The full details of the lawsuit spell out how the relationship between Hillman and Falk soured starting with last year. Hillman accuses Falk of leaving the #40 side of the partnership with more of the bills. Supposedly Hillman and Falk were planning on cutting ties at the end of 2015 anyways but neither ever officially signed off on the agreed upon terms. The biggest thing is that Hillman was totally unaware of any pending deal with Circle Sport and Levine. The details in the lawsuit certainly imply that the investors in the #40 car had to liquidate everything they had (to Premium) and are still left with a hefty amount of debt. The complaint straight up says “As a results of the circumstances described … the 40 points are of negligible value, the Partnership is unable to race full-time during the 2016 race season, Hillman and Hillman Racing have no ability to pay for the significant debt incurred in the 2013, 2014 and 2015 race seasons, and the remaining partners have been forced to liquidate many of the Partnership’s remaining assets.’’

Hillman is seeking cash damages, the rights to the #33 team, the #95 charter and all profits/benefits gained from the charter.

So those are the details in summary. What is going to come of all this?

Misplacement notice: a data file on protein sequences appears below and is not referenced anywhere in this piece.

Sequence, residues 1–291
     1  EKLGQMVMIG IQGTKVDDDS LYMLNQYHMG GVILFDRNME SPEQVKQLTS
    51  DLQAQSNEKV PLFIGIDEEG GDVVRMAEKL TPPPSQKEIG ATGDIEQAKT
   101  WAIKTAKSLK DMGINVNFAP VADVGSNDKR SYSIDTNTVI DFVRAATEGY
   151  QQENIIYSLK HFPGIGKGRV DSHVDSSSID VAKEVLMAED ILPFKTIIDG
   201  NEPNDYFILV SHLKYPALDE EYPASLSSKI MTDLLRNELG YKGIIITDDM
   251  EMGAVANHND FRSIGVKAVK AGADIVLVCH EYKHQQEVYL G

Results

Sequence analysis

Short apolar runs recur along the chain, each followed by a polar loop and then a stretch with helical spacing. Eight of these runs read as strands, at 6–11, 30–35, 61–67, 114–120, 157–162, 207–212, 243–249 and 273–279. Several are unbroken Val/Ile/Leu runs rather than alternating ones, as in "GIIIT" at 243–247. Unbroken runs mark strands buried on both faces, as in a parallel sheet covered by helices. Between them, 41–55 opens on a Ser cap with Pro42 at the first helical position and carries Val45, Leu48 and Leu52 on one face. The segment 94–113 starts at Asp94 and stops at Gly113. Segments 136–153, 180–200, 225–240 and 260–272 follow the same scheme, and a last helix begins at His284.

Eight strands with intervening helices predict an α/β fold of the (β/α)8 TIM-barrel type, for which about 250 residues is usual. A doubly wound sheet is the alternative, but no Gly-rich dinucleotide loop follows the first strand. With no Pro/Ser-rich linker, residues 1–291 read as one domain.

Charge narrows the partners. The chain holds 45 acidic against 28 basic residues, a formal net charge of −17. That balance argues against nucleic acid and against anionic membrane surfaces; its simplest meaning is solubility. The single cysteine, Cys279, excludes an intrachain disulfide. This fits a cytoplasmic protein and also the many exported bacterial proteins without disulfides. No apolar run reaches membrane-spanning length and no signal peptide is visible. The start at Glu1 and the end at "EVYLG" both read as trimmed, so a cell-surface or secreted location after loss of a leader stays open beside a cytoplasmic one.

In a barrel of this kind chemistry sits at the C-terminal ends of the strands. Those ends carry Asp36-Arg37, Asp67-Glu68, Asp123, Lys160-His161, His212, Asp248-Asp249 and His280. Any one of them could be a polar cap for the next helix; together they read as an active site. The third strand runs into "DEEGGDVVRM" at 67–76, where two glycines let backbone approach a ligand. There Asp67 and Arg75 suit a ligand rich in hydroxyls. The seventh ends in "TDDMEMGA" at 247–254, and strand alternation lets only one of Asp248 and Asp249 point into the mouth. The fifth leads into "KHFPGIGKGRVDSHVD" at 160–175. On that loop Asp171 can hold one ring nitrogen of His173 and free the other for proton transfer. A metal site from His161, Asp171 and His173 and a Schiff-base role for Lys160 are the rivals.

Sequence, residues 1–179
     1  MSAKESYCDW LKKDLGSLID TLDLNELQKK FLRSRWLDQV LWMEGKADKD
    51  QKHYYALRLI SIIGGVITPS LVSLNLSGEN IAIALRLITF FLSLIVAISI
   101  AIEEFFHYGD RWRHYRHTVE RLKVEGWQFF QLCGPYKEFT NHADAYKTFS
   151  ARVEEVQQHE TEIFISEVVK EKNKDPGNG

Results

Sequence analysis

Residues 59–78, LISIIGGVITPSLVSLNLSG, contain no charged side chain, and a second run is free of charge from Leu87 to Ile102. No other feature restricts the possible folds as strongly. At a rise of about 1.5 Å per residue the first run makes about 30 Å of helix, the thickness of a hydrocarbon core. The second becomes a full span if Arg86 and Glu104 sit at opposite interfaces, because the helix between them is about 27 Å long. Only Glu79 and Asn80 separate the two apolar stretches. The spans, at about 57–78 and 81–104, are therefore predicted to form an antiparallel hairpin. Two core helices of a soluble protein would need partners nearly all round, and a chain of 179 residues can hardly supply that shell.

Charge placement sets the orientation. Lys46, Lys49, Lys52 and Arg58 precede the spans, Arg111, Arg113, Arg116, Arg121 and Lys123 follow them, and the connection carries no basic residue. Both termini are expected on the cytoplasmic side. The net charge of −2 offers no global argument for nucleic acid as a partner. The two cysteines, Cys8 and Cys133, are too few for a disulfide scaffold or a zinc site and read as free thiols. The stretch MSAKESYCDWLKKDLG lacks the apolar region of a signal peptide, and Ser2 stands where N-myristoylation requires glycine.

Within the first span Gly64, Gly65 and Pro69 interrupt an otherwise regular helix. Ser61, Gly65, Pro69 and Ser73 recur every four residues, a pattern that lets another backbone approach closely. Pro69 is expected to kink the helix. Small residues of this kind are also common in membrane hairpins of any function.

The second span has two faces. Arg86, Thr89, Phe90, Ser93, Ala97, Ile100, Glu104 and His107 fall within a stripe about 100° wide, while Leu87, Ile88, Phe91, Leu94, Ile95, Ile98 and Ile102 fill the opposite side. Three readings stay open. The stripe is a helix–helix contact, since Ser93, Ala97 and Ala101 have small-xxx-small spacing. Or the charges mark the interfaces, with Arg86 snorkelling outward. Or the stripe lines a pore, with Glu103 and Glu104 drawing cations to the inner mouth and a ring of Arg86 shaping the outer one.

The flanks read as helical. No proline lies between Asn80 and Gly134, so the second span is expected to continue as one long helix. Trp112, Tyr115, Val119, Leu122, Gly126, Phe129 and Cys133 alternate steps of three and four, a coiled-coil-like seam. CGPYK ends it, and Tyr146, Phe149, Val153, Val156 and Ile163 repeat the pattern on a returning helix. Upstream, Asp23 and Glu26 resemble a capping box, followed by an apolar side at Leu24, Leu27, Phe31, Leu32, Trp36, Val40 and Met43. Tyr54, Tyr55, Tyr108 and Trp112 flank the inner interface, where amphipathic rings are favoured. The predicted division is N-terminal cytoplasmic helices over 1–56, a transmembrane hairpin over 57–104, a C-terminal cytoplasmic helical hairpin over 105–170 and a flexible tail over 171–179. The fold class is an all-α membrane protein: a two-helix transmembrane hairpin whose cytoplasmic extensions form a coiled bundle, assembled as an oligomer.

It’s hard to tell. From the public information out there that NASCAR fans can find with a little Google-fu, the ownership ties between Hillman and Falk seem murky at times over the last few years. I’m sure more details of their ties will come out over the course of the lawsuit because right now, what details we have are from Hillman’s point of view. Falk has not commented on anything because the case is pending. Childress will definitely be roped into this because of the ongoing deals he had to supply equipment and the checks he cut to run his driver/car/crew under the #33 banner (now the #95 banner).

mcdowell at daytona 59
McDowell at the Daytona 500

I think that the biggest loser in this fight is Michael McDowell. He is considered one of the nicest guys in the garage and committed to making Levine a better team. He was slated to finally run the full season (or pretty close to it depending on the number of Ty Dillon races with RCR). The drivers concern themselves with what happens on the track. The owners worry about behind the scenes. That’s why the owner-driver fad in the 90s fell apart and frankly, I’m surprised Stewart has so much success in the dual role.